'Person of Interest': Michael Emerson Reflects on His Career After 'Lost'
"I'm a little more visible now and it's harder for me to hide," the actor says.
Many Lost fans were excited to hear that Michael Emerson, who played Ben Linus on the ABC show, and its creator J.J. Abrams would be reuniting for the fall CBS series, Person of Interest.
Emerson appeared at Television Critics Association (TCA) Press Tour via satellite from the show’s set in Long Island City, NY with fellow cast members Taraji P. Henson and James Caviezel, and the pilot’s writer and series executive producer Jonathan Nolan.
“I play a shadowy tech billionaire who’s had some kind of transformative experience in his psychological life,” Emerson says of his new role. “He’s decided to dedicate himself to a justice mission. He has a physical handicap and he can’t intervene in dangerous positions personally. So, he needs to team up with someone who’s more active and skilled than he.”
That’s where Caviezel comes in. He plays an ex-CIA operative who Emerson’s Finch recruits to do the field work. Emerson says he was attracted to the project, because of the writing. “I tend to follow material generally,” he says.
“I don’t think you can go too far wrong if you follow great material,” Emerson continues. “And also, you like to collaborate with people at the top of their game. So, those things. Also, you kind of go where J.J. goes.”
Of course, there will always be interest in the iconic role Emerson personified on Lost. When asked about life after the series, the actor said he had no idea at first that he would be sticking around so long.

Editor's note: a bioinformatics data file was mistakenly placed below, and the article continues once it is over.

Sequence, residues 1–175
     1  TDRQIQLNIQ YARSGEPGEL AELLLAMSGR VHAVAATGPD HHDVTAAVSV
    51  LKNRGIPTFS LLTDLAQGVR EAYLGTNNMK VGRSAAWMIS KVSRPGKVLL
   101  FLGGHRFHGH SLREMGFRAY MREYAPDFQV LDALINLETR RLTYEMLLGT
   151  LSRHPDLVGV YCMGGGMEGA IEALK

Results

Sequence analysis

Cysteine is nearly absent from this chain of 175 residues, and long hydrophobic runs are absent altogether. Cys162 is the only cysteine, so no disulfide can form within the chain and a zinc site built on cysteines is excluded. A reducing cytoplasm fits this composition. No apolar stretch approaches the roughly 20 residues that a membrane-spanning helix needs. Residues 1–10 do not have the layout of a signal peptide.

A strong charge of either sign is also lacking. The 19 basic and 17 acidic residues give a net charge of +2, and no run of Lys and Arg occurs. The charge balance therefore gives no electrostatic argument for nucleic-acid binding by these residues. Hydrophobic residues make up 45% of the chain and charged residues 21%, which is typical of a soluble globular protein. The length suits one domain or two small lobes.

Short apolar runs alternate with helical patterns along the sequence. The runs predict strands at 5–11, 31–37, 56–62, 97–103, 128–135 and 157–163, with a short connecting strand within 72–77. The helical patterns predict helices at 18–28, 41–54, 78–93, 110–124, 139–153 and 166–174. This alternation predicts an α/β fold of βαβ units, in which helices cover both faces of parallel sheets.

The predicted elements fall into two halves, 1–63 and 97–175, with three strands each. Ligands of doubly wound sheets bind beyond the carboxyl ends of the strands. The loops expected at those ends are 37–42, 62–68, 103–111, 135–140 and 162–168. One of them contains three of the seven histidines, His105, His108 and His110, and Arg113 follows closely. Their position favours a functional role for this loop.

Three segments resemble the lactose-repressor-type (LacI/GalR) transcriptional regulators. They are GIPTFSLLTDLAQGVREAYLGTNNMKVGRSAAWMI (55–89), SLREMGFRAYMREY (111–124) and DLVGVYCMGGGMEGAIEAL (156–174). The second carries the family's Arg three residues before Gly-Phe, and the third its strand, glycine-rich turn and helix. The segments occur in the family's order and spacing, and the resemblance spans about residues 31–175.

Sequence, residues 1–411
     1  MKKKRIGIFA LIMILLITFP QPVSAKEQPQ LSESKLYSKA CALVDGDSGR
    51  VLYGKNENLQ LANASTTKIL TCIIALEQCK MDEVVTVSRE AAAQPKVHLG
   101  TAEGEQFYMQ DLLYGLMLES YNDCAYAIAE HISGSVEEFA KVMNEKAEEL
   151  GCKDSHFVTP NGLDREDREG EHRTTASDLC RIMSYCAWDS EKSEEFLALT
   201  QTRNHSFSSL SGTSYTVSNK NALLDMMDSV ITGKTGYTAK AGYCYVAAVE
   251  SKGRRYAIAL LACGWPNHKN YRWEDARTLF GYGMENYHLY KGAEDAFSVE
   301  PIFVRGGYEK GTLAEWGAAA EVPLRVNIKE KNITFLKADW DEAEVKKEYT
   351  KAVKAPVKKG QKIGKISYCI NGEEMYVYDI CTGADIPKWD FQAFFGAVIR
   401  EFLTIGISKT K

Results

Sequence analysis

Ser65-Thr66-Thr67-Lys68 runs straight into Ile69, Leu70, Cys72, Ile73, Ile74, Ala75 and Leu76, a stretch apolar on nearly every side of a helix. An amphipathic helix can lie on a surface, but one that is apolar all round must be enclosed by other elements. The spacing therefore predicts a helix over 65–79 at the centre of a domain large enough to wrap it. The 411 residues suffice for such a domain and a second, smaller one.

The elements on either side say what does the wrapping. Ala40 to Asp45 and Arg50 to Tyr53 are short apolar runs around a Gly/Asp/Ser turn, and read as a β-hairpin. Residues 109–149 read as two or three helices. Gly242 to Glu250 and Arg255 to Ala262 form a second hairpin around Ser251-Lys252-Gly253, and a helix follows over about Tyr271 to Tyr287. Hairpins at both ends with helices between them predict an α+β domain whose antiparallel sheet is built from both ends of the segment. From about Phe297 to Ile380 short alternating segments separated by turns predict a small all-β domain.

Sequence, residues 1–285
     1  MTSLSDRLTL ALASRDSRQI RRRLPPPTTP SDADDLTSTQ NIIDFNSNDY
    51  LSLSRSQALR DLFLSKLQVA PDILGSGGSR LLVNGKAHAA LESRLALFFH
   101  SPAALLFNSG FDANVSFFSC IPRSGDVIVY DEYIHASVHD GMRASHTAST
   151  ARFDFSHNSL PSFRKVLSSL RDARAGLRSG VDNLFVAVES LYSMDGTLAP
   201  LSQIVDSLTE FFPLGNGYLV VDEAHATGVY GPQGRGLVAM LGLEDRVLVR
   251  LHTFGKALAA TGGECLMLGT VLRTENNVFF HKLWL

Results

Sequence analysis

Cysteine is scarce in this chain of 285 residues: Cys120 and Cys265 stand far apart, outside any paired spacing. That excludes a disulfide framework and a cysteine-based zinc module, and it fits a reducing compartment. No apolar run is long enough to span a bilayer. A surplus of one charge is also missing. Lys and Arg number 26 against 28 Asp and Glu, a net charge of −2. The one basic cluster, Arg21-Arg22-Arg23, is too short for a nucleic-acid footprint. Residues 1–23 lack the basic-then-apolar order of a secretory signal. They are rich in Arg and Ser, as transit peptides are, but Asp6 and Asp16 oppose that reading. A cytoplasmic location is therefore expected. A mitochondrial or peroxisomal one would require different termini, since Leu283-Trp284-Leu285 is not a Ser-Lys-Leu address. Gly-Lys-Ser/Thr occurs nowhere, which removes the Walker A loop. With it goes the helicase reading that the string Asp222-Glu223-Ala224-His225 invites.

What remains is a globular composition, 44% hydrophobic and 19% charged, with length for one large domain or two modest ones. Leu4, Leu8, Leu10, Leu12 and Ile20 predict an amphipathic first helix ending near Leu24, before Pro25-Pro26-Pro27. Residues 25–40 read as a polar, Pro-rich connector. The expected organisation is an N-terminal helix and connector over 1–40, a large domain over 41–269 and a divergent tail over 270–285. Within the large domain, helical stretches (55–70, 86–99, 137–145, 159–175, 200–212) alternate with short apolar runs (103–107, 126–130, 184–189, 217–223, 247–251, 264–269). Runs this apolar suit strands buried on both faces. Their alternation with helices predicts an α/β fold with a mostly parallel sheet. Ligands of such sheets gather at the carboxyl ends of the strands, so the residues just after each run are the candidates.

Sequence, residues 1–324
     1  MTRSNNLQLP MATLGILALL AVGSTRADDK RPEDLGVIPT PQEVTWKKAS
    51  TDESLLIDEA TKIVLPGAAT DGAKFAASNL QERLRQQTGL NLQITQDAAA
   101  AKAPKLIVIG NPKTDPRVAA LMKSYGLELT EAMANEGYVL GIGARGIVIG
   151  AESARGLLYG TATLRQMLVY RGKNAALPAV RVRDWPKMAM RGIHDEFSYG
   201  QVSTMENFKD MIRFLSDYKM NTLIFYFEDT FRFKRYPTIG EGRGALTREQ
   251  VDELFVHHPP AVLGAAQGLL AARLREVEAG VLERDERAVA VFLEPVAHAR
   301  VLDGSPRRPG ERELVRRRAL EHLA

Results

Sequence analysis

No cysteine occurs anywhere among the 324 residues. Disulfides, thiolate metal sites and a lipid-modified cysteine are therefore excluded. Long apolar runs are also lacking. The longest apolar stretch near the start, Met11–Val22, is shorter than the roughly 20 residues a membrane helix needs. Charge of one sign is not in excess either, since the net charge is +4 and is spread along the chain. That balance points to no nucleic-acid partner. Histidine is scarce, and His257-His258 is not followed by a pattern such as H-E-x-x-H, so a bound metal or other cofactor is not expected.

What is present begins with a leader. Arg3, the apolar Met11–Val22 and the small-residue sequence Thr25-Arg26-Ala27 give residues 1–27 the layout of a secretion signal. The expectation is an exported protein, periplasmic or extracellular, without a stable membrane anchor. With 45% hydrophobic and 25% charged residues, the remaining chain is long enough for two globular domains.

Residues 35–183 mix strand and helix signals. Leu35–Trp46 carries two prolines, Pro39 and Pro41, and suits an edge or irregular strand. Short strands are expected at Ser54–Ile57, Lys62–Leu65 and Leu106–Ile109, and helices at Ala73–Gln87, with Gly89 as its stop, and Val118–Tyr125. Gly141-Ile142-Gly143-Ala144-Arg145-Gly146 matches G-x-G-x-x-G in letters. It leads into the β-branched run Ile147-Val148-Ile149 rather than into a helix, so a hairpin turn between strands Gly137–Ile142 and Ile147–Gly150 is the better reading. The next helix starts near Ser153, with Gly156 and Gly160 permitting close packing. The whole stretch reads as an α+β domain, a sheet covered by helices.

“My part on Lost was just another guest stop as far as I knew,” he says. “I think every character actor has a secret dream inside them that one day they will play it so well, hit it so far out of the park that they will become somehow indispensable overnight and will be asked to stay. That’s kind of what happened on Lost. I never was allowed to go home from the Hawaiian Islands.”
And while the role has made him famous, he says that he hopes that doesn’t keep him from doing the quirky character roles he enjoys.
“Now, I’m a little more visible and it’s a lot harder for me to hide,” he explains. “That’s an adjustment. I’m hoping that I still get to do the odd turn. I want always to be able to play something offbeat or eccentric, colorful. I would like it to have a limp or an accent. I love those things.”
To which Nolan chimes in, “Be careful what you wish for.”
Person of Interest premieres Thursday, Sept. 22 at 9 p.m. on CBS.
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